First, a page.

Lies, damned lies and a break-in

Capitol Hill, Washington (Image by cytis from Pixabay)
Capitol Hill, Washington (Image by cytis from Pixabay)

Marie Le Conte's take on the Capitol Riots

It is funny how things work out, sometimes. I had been wondering what to write my first column of the year about for a few days and thought I’d settled on something by Wednesday lunchtime. I had decided to write about professional consequences, or rather the lack of them, in the context of people like Julia Hartley-Brewer and Allison Pearson.

Week after week and month after month, they downplayed the risks and tragedy of the coronavirus pandemic. Was it for clout, for attention, because they genuinely did not care very much? It is hard to say. In any case, they got it wrong, again and again, and again, and refused to back down.

This isn’t a party political point; simply a matter of caring about facts. When Hartley-Brewer claimed in November “there is no evidence we are in a terrible second wave”, she was not telling the truth. When Pearson tweeted in May that “Corona doesn’t infect children”, she was not telling the truth. They are journalists. It is our job to be factually correct. It feels absurd to even have to type this.

Anyway, this was the column I was going to write, then fascists marched into the Capitol, effectively acting on orders from Donald Trump, and that felt worth mentioning. I remember working on a newsdesk in 2016 and trying to write a piece about the Conservatives supporting Trump, but giving up because apart from a few oddballs, no-one was.

It is no longer the case. In October, Conservative MP Andrea Jenkyns tweeted “#LetsPrayForTrump to get better and win the election”. Around a month before that, Sir John Hayes, one of Jenkyns’ colleagues, posed with the DUP’s Sammy Wilson and Ian Paisley Jr on the parliamentary estate, alongside a “Trump 2020 – Keep America Great!” flag.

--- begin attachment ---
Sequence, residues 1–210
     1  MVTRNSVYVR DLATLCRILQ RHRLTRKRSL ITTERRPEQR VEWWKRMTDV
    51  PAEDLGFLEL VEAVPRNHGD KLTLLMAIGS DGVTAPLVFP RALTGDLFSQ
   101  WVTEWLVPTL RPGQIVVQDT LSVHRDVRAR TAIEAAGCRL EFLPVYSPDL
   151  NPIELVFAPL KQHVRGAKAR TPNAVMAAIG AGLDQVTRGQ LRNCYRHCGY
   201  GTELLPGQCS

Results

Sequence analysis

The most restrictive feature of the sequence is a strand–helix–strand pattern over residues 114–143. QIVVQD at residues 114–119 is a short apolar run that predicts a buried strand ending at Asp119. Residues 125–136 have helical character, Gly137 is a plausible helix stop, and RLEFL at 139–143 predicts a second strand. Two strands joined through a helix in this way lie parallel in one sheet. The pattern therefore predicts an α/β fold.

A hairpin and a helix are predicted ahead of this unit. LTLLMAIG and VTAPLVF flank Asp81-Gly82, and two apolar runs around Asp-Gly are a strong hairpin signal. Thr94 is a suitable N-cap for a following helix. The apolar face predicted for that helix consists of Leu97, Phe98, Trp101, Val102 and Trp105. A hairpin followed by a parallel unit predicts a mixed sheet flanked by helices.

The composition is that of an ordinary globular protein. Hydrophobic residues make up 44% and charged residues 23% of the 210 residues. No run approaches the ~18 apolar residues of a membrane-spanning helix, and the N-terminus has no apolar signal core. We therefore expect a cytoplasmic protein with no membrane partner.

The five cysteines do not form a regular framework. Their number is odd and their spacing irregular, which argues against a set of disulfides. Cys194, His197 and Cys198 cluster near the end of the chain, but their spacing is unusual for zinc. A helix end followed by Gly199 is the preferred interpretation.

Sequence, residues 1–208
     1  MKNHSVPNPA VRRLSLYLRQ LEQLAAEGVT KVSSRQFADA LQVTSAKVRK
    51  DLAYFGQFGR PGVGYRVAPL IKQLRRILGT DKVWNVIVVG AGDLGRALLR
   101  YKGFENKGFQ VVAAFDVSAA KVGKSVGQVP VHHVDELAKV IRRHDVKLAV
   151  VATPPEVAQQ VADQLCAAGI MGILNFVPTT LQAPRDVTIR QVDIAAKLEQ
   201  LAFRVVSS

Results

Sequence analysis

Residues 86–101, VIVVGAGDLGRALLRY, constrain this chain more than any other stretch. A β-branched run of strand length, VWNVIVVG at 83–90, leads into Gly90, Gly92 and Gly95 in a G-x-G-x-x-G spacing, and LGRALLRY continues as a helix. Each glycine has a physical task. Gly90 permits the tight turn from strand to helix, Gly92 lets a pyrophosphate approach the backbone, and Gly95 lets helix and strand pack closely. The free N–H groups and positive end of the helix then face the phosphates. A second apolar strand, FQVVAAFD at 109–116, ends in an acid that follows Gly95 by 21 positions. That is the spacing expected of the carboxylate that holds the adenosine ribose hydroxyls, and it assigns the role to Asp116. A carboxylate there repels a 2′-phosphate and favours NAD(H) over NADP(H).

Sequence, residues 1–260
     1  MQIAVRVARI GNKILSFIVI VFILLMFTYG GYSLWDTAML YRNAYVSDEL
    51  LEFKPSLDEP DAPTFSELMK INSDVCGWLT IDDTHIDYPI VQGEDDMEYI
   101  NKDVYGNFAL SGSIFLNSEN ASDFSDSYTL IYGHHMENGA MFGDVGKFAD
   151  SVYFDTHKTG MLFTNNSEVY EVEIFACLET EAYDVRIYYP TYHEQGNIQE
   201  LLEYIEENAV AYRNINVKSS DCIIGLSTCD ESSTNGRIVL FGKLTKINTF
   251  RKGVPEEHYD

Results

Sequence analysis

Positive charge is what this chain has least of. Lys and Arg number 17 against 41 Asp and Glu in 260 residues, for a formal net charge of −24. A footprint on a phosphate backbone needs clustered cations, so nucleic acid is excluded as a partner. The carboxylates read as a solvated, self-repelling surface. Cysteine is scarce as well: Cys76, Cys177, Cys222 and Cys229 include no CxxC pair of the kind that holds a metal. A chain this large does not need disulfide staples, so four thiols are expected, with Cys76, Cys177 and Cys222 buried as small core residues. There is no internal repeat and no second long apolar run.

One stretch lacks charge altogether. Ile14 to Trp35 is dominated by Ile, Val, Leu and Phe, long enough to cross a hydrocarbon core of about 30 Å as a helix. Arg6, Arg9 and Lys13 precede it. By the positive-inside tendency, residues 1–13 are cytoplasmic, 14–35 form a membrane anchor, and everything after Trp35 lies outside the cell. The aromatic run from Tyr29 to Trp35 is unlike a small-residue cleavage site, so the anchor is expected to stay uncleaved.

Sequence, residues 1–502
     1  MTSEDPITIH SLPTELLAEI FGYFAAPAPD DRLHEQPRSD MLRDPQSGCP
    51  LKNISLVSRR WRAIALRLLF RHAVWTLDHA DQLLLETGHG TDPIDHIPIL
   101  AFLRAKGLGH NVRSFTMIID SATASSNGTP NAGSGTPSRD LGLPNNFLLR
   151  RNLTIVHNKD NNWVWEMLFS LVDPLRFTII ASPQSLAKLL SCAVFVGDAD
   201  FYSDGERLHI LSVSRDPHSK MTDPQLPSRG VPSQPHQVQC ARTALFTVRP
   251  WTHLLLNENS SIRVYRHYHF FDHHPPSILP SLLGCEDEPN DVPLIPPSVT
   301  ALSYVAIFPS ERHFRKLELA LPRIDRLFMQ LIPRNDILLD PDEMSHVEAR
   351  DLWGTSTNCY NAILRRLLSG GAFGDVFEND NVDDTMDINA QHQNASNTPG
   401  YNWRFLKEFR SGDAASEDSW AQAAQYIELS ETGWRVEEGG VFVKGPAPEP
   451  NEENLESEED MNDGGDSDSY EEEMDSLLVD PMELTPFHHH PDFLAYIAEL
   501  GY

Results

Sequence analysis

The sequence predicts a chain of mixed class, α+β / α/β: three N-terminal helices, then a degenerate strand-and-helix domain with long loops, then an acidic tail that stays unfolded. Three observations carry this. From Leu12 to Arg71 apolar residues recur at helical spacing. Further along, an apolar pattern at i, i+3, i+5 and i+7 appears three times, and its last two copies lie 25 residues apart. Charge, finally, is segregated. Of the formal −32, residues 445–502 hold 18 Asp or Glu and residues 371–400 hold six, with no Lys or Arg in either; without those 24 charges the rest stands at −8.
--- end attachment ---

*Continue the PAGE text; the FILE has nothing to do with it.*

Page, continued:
In 2018, Jacob Rees-Mogg wrote for the Times about Britain’s future relationship with the US, arguing it was “our national good fortune that the president with whom we will develop this new arrangement is Mr Trump”. It isn’t just politicians, of course; in November, the Spectator published a piece headlined “Trump is right not to concede”.

Earlier that year, academic Matt Goodwin tweeted about his book, in which he “argued that Trump was not a revolutionary fascist but a reactionary populist – catastrophizing about “coups”, “resistance” & “imminent Reichstag fire” was unhelpful”. He has since deleted it.

Again, it feels worth pointing out that this isn’t cheap party political scoring; a Republican congressman tweeted on the day that what’d happened was an “attempted coup”, and several Republican politicians directly blamed Trump for the event. Will any of the people who supported the president and downplayed the danger of his presidency suffer any professional consequences for doing so? Will they be made to explain what they made of the events of January 6? I’m not holding my breath.

As we watched men wearing Nazi clothing march into the offices of US senators, we wondered how things had got to that point. Will something like this ever happen on our shores? Perhaps not, but best be cautious. Letting people get away with constant lying and blind support for repugnant figures may not seem like much, in the grand scheme of things, but now we know where it can lead.

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